Arab nations won’t clean Israel's 'mess' – Jordan
Arab nations have no plans to put boots on the ground in Gaza as part of post-conflict peacebuilding after the fighting between Israel and Hamas ends, Jordanian Foreign Minister Ayman Safadi said in Bahrain on Saturday. The Arab world would not “clean the mess” supposedly created by Israel, he added.
The post-conflict fate of the Palestinian enclave has emerged as a pressing topic amid the continued fighting between Israel and the Gaza-based Hamas militant group. In early November, roughly a month into the escalation, Israeli Prime Minister Benjamin Netanyahu said that his country would manage “overall security” in Gaza for an “indefinite” period of time after hostilities end.
At the same time, even Israel’s closest allies opposed the idea of what they called “occupation” and a “blockade” of the enclave. Last week, US State Secretary Antony Blinken said that there should be “no reoccupation of Gaza” and “no attempts to blockade or besiege” it. The enclave should not be “a platform for terrorism or other violent attacks” either, he added.
On Wednesday, Bloomberg reported that the US and the EU were pushing for UN peacekeeping forces in the enclave after the end of the Israeli operation. On Monday, the EU’s top diplomat, Josep Borrell, said that a post-conflict peacebuilding framework should be developed “in collaboration with the United States and Arab states.”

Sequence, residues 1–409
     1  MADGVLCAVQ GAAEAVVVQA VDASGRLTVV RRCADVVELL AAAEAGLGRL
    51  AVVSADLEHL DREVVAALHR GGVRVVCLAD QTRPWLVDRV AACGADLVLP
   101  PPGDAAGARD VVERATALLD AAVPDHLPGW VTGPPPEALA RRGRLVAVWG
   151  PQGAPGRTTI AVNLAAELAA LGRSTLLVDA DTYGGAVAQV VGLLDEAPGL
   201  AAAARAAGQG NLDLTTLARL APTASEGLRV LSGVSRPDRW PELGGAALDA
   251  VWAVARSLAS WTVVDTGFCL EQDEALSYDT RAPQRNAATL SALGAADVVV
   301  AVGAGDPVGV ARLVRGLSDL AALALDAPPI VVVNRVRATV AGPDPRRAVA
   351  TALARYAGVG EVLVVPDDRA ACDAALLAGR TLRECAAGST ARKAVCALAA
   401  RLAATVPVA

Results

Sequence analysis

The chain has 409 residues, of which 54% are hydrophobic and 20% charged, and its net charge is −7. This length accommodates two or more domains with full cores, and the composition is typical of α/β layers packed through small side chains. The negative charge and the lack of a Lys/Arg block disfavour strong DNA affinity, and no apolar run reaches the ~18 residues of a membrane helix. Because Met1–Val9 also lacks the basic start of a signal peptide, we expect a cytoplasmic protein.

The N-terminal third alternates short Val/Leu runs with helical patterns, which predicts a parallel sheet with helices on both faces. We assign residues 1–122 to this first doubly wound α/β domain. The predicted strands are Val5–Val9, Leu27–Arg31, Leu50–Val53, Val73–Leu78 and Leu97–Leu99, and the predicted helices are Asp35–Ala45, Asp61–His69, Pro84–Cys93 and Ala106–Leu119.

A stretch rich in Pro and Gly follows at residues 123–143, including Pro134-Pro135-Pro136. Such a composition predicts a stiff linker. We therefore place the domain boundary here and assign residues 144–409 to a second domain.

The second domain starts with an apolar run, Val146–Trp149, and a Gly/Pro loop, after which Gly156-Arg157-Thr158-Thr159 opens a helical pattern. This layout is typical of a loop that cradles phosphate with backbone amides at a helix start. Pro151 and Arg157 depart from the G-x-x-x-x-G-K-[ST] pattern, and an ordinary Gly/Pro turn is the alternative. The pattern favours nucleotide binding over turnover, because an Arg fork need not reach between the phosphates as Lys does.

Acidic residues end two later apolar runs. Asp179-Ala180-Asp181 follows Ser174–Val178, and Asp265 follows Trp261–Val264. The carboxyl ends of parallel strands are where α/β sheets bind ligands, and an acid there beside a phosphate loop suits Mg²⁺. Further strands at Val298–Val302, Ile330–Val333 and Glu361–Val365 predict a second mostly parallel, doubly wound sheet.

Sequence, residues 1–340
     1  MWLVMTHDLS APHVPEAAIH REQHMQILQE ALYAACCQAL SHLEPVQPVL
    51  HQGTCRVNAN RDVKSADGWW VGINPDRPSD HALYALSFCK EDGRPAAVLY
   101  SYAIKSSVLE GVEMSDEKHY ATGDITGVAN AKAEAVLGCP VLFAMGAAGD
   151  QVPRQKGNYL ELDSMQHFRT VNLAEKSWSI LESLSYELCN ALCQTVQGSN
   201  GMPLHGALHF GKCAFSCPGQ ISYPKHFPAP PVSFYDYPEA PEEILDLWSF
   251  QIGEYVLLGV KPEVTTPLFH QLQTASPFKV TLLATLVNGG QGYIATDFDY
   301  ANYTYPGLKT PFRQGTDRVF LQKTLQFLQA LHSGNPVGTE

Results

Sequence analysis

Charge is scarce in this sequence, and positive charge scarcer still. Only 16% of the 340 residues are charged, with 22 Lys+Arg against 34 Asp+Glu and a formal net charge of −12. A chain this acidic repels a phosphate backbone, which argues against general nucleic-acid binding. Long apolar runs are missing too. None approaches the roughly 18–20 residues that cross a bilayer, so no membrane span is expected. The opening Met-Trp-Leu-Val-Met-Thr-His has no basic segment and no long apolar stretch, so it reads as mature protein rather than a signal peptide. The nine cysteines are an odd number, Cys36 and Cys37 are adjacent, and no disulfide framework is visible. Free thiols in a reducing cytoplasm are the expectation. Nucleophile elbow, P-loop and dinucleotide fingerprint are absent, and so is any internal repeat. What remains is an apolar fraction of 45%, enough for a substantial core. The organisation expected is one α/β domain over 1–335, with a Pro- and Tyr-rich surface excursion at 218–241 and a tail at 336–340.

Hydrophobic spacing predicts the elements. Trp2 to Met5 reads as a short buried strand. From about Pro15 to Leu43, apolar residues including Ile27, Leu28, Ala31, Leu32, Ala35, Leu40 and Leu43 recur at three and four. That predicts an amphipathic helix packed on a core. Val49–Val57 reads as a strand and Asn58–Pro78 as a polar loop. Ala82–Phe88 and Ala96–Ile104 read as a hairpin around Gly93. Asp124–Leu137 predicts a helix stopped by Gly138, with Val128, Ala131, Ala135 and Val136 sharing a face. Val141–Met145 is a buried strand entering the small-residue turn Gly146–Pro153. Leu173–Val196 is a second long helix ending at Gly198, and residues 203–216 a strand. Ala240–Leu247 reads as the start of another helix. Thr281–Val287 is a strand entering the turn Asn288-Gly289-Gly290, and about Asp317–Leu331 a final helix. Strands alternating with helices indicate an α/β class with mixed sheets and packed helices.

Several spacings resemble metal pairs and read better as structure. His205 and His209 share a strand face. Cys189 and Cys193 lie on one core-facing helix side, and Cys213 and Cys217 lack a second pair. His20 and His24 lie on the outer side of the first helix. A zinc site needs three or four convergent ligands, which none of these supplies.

Minister Safadi insisted on Saturday that a two-state solution for the Israelis and Palestinians would be the only way forward. “Let me be very clear. I know speaking on behalf of Jordan but having discussed this issue with many, with almost all our brethren, there’ll be no Arab troops going to Gaza. None. We’re not going to be seen as the enemy,” the foreign minister said.
He also accused the current Israeli government, led by Netanyahu, of aiming to dislodge Palestinians from Gaza. The foreign minister also called such plans a “direct threat” to Jordan’s national security.
The Arab nation’s top diplomat then said that any real plans for post-conflict peacebuilding could only be drawn after the end of the Israeli operation. “How could anybody talk about the future of Gaza when we do not know what kind of Gaza will be left once this aggression ends?” Safadi asked.
West Jerusalem’s military operation in Gaza has been ongoing since October 7, when Hamas launched its own surprise attack against Israel, killing some 1,200 people, mostly civilians. More than 200 people, including both military and civilians, as well as foreign nationals, were taken hostage in the Hamas attack.
Israel responded by massive bombardments of the enclave, followed by a ground operation, which have claimed more than 11,000 Palestinian lives, according to Gaza officials.